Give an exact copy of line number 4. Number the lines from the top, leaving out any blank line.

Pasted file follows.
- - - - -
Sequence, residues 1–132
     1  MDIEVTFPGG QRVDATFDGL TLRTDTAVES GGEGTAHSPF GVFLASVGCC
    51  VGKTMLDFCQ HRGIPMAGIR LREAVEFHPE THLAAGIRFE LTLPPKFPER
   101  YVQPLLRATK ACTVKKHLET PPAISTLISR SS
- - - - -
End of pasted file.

   101  YVQPLLRATK ACTVKKHLET PPAISTLISR SS